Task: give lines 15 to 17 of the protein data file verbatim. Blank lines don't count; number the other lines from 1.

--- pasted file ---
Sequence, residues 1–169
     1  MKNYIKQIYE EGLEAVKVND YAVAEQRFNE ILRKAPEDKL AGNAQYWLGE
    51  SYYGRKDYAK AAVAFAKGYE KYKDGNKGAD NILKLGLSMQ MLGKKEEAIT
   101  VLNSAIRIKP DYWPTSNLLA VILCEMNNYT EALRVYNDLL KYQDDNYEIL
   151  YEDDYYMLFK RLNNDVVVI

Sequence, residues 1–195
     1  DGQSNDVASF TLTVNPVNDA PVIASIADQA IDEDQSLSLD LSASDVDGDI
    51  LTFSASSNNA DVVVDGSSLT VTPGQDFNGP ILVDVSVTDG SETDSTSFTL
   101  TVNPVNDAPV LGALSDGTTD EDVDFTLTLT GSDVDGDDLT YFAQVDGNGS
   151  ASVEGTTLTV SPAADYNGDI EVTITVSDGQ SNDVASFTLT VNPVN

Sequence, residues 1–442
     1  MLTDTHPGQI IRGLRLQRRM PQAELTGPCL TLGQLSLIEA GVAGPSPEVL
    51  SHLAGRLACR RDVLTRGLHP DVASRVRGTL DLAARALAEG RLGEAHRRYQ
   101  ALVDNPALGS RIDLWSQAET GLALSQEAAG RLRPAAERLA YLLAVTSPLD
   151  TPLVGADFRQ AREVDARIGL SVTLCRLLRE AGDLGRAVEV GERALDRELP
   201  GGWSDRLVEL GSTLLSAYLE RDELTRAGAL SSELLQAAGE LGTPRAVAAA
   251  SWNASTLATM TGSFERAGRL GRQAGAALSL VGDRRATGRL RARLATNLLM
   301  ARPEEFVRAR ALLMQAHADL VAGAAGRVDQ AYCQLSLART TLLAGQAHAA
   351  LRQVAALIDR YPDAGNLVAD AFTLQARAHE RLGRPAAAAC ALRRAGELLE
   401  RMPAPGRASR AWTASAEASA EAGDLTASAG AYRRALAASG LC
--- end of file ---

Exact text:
   151  TPLVGADFRQ AREVDARIGL SVTLCRLLRE AGDLGRAVEV GERALDRELP
   201  GGWSDRLVEL GSTLLSAYLE RDELTRAGAL SSELLQAAGE LGTPRAVAAA
   251  SWNASTLATM TGSFERAGRL GRQAGAALSL VGDRRATGRL RARLATNLLM